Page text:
As the Syrian ceasefire arranged by the United States and Russia teeters on the brink of collapse, it’s clear that the main problem lies in Washington. Moscow’s goal has never been in doubt: it wants the regime of Bashar al-Assad to survive. The Obama administration has been reluctantly moving towards the same conclusion, but it simply can’t admit it, even to itself.

The Russian government bitterly condemned the American air strike that killed sixty to eighty Syrian army personnel on Saturday, but everybody knows that air strikes sometimes hit the wrong people. It was a mistake, that’s all, and the Russians really understand that – but it was a mistake that tells us a lot about how far the US has moved.

Until recently the United States, still formally pledged to overthrow the Assad regime, would not attack Islamic State troops if they were fighting the Syrian army. (That’s why Islamic State captured the historic city of Palmyra two years ago: the US air force would not strike the long and vulnerable IS line of communications across the desert, because that would have been “helping Assad”.)

But the US air attack that went astray at Deir es-Zor last weekend was targeting Islamic State troops who were in direct contact with the Syrian army. It’s because the two sides were so close together that the planes hit the Syrian troops by mistake. American diplomats still deny it, but the US is now willing to help Assad, at least sometimes.

The strategic calculation that has driven US Secretary of State John Kerry into this uncomfortable position is brutally simple. If Assad’s regime does not survive, then the extreme Islamists will take over all of Syria. The fantasy of a “third force” in Syria, made up of democracy-loving non-Islamist rebels who could defeat both the Islamists and Assad, has died even in the US State Department and the Pentagon.

The “moderate” rebels that the United States has backed for so long make up no more than ten or fifteen percent of the real fighting strength of the anti-Assad forces, and most of them are actually allied to the Islamists. In fact, the “moderates” wouldn’t survive long without their Islamist alliance – so it’s time for Washington to abandon them.

The ceasefire terms show that Kerry has implicitly accepted that logic, for they demand that the Syrian government and the “moderates” stop shooting and bombing, whereupon the American and Russian air forces will cooperate in bombing the Islamists. And the targets will not only be Islamic State but also the al-Qaeda-linked group that was known until recently as the Nusra Front.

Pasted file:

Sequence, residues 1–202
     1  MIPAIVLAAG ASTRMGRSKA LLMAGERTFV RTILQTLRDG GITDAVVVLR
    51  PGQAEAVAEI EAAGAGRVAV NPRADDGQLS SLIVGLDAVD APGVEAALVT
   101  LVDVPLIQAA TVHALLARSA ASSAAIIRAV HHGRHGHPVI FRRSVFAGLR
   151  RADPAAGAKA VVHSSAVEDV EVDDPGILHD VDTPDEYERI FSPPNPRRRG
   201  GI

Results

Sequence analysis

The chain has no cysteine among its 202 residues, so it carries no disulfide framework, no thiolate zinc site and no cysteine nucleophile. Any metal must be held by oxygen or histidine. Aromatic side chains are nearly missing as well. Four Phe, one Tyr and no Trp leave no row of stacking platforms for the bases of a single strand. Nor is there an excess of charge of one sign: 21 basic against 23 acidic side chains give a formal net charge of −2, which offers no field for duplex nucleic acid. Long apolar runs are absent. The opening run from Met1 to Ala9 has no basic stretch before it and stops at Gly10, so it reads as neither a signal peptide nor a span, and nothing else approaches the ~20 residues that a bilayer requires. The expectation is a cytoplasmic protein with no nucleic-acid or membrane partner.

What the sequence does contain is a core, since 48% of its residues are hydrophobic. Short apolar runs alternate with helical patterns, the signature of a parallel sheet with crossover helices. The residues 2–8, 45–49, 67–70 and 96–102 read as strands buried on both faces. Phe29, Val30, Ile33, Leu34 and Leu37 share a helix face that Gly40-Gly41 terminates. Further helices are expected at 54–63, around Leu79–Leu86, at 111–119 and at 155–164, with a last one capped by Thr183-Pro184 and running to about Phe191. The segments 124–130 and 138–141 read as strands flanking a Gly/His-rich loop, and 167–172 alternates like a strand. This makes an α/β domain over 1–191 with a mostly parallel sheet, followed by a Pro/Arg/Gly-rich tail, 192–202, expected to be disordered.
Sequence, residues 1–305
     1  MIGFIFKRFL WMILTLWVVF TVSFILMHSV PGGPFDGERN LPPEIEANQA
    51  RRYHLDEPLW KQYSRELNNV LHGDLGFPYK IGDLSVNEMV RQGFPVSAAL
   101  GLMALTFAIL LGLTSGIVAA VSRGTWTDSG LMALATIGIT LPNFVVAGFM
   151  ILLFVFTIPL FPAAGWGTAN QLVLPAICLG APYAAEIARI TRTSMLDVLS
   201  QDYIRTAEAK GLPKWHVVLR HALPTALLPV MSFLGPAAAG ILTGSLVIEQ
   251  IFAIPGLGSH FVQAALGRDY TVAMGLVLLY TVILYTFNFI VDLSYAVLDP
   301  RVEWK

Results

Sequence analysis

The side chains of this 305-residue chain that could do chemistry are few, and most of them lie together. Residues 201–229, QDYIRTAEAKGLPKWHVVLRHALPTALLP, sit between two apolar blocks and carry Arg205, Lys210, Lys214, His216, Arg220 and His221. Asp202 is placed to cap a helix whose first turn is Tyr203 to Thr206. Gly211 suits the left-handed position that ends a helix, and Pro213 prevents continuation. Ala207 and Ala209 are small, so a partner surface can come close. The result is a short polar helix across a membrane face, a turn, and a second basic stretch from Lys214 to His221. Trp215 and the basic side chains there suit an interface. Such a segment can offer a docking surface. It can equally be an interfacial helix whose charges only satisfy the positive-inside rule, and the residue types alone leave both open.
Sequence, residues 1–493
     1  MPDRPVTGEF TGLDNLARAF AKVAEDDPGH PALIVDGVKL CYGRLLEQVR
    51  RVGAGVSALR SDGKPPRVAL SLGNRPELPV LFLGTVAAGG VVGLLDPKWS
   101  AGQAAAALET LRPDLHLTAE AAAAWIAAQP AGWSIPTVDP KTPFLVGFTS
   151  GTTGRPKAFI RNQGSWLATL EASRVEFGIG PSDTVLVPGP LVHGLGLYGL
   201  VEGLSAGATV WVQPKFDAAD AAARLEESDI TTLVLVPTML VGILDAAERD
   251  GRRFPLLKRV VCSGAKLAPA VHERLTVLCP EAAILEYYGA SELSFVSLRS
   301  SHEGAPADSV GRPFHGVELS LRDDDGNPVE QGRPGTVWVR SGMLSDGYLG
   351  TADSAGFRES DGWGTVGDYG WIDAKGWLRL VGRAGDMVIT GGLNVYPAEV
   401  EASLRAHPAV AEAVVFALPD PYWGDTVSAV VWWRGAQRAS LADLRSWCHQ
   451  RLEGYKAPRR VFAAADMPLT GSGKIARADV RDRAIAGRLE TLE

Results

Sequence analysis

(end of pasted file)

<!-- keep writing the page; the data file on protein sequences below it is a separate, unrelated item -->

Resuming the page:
The Nusra Front saw this coming, so last month it changed its name to Jabhat Fateh al-Sham (Front for the Conquest of Syria) and said that it has cut its ties with al-Qaeda. (An al-Qaeda spokeman said that the terrorist organisation understood the Nusra Front’s need to break the public link, and wasn’t angry at its Syrian branch.) But even Washington could see through this flimsy disguise, and Nusra (under its new name) is still on the hit list.

Unfortunately, the “moderate” groups are not only in close alliance with Nusra, but are physically mixed in with the Islamist forces. They will get bombed too if they do not break their links with the Islamist extremists and somehow move away from them, so the ceasefire co-sponsored by the US and Russia demands that they do exactly that. Unfortunately , they can’t.

They can’t do it because on their own they could never hope to overthrow the Assad regime – and also because the Islamists will start killing them as traitors if they even try to break away. So the “moderates” haven’t really accepted the ceasefire either, and the Russians are quite right to complain that they have “not met a single obligation” of the truce.

Everything we know about the ceasefire argues that the Obama administration has accepted the regrettable necessity of leaving the Assad regime in power, although it still cannot bring itself to say so publicly.

This conclusion would probably be even clearer if we knew the full text of the Russo-American ceasefire agreement, but the US insists on keeping it secret. (The Russians, naturally, are pushing for it to be made public, but so far they have respected the deal.)

So the ceasefire, as such, is probably doomed, but the crabwise, deeply embarrassing shift of American policy towards a recognition of the strategic realities in Syria will continue. There is therefore hope that the fighting will stop one day.

A year from now, the areas controlled by the Assad regime, including at least three-quarters of the Syrian population, will probably be the same as now or maybe a little bit bigger. The surviving “moderates”, having detached themselves from al-Nusra, will hold little bits of territory and will be observing a real ceasefire.

The Kurds will still control a band of territory across the extreme north of Syria unless Turkey has waged and won a full-scale war to conquer it. And the Russians and the Americans will both be bombing the territories still controlled by Islamic State and the former Nusra Front, although in less than perfect harmony.
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To shorten to 725 words, omit paragraphs 8 and 12. (“The Nusra…list”; and “This conclusion…day”)